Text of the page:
In my opinion the most important aspects of brewing take place post boil so it really doesn't matter where you get the wort.
Like an earlier poster I brewed extract w/grains for several years until I quit my full time job and became a consultant.  I also had less money for a while but a whole lot more time to dedicate to brewing and drinking.  My first 6 years of all grain brewing were essentially wasted because I had no idea fermentation temp control made much difference.  That was the the concept that changed the quality of my beer, not how I produced the wort.

73
I brewed 3 consecutive beers without opening my conical: a low OG pale ale, a rye pale and eventually a porter, total time for the 3 beers was a little over 2 months.  On the lid around the opening for the therrmowell I found a quarter sized spot of mold, but it never got into the beer and all three beers turned out just great..  In fact I'm brewing a 1.050 pale ale right now to develop a yeast cake for a porter and then an imperial stout.

74
I read the thread title and thought, what hospital serves beer in the ER ?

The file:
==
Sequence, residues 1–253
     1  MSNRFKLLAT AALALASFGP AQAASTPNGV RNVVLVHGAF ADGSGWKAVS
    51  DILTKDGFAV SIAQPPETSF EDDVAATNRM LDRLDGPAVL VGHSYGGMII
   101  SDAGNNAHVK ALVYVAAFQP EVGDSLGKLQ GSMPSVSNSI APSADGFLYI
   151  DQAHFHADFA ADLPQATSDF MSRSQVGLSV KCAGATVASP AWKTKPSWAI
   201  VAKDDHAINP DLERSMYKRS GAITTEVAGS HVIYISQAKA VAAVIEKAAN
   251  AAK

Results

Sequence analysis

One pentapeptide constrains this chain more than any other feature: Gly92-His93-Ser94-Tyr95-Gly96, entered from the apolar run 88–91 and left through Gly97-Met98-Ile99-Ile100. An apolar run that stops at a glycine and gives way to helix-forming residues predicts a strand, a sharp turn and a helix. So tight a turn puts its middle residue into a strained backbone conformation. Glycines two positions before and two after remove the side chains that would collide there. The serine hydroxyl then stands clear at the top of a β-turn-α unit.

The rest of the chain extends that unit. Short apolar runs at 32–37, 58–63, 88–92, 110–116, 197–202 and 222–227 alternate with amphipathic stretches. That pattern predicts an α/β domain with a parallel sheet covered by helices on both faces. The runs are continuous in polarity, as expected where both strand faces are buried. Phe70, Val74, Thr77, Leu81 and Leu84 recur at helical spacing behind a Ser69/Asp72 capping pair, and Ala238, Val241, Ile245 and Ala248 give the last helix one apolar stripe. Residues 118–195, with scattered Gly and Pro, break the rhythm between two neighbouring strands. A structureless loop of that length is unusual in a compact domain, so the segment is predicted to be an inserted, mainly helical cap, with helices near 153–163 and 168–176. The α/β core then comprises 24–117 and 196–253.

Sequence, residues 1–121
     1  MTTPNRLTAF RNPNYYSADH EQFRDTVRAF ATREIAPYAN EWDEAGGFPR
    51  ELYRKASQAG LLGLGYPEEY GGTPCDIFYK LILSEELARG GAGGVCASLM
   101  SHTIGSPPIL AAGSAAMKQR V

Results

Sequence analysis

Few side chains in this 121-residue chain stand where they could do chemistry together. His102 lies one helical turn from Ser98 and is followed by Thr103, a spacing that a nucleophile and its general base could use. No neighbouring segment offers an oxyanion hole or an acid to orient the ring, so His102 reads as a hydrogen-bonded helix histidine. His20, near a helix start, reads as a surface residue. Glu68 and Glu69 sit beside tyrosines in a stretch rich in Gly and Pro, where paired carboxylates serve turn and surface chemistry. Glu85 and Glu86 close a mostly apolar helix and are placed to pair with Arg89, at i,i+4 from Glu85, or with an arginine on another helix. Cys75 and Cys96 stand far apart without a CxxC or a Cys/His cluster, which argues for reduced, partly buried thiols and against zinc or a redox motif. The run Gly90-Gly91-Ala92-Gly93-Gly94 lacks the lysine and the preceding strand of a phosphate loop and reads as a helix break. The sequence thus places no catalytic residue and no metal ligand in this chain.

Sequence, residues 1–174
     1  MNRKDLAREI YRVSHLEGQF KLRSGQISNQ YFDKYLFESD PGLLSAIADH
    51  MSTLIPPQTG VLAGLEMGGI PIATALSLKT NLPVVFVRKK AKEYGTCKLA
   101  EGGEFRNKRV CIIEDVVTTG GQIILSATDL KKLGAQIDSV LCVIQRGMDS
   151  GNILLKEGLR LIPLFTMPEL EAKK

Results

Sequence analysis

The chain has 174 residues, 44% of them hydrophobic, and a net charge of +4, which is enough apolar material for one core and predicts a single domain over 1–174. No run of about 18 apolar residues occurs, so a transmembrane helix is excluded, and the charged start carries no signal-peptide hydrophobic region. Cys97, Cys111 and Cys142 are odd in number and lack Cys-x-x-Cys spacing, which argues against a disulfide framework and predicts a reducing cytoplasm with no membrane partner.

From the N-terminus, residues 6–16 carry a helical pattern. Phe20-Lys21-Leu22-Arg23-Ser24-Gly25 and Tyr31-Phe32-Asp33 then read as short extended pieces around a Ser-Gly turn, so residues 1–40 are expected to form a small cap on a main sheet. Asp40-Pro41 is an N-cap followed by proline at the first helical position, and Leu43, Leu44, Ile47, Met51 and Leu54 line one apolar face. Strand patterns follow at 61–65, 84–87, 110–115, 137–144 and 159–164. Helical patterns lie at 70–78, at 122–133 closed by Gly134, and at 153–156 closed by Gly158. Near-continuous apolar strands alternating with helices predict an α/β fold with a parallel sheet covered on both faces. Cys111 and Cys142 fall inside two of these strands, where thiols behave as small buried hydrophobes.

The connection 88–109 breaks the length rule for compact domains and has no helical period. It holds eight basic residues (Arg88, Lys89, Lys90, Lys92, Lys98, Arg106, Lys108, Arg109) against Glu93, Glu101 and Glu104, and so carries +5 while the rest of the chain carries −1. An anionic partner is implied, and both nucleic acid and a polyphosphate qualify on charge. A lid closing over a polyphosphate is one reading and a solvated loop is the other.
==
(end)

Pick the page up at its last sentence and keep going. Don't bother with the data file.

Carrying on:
I think I like the idea of a cash bar, serving craft beer, at places where a long wait is expected.  The DMV, Target and the grocery store checkout on a Saturday morning would be good choices
Lots of grocery stores in France have full service bars, it seems to make the wife shop faster.

75
Yeast and Fermentation / Re: Refrigerator or chest freezer?
« on: August 17, 2013, 06:53:56 AM »
I like my fermentation "closet" cooled by an a/c unit. Build it to size/fit what you want/need. I had the a/c unit, so it was wood and insulation and screws 30$ or so for mine.
That's what I did.  But I had the wood and everything else, I just had to buy a $100 AC.  Here's a picture of the inside of mine:
[URL=http://s362.photobucket.com/user/rocdoc1/media/my%20beer%20stuff/WeeHeavyOctober2009014.jpg.html]
Even though it's around 100F in my garage right now, I'm fermenting a smoked roggenbier at 54F internal temp(notice the temp probe wire going into the thermowell).  The AC probably runs less than 15 minutes per hour to keep the temp stable.